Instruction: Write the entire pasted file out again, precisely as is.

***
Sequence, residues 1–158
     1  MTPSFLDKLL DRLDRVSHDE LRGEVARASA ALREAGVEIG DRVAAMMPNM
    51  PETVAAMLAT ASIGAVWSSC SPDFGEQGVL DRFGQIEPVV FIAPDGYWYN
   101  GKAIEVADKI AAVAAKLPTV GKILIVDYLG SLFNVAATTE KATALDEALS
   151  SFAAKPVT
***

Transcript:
Sequence, residues 1–158
     1  MTPSFLDKLL DRLDRVSHDE LRGEVARASA ALREAGVEIG DRVAAMMPNM
    51  PETVAAMLAT ASIGAVWSSC SPDFGEQGVL DRFGQIEPVV FIAPDGYWYN
   101  GKAIEVADKI AAVAAKLPTV GKILIVDYLG SLFNVAATTE KATALDEALS
   151  SFAAKPVT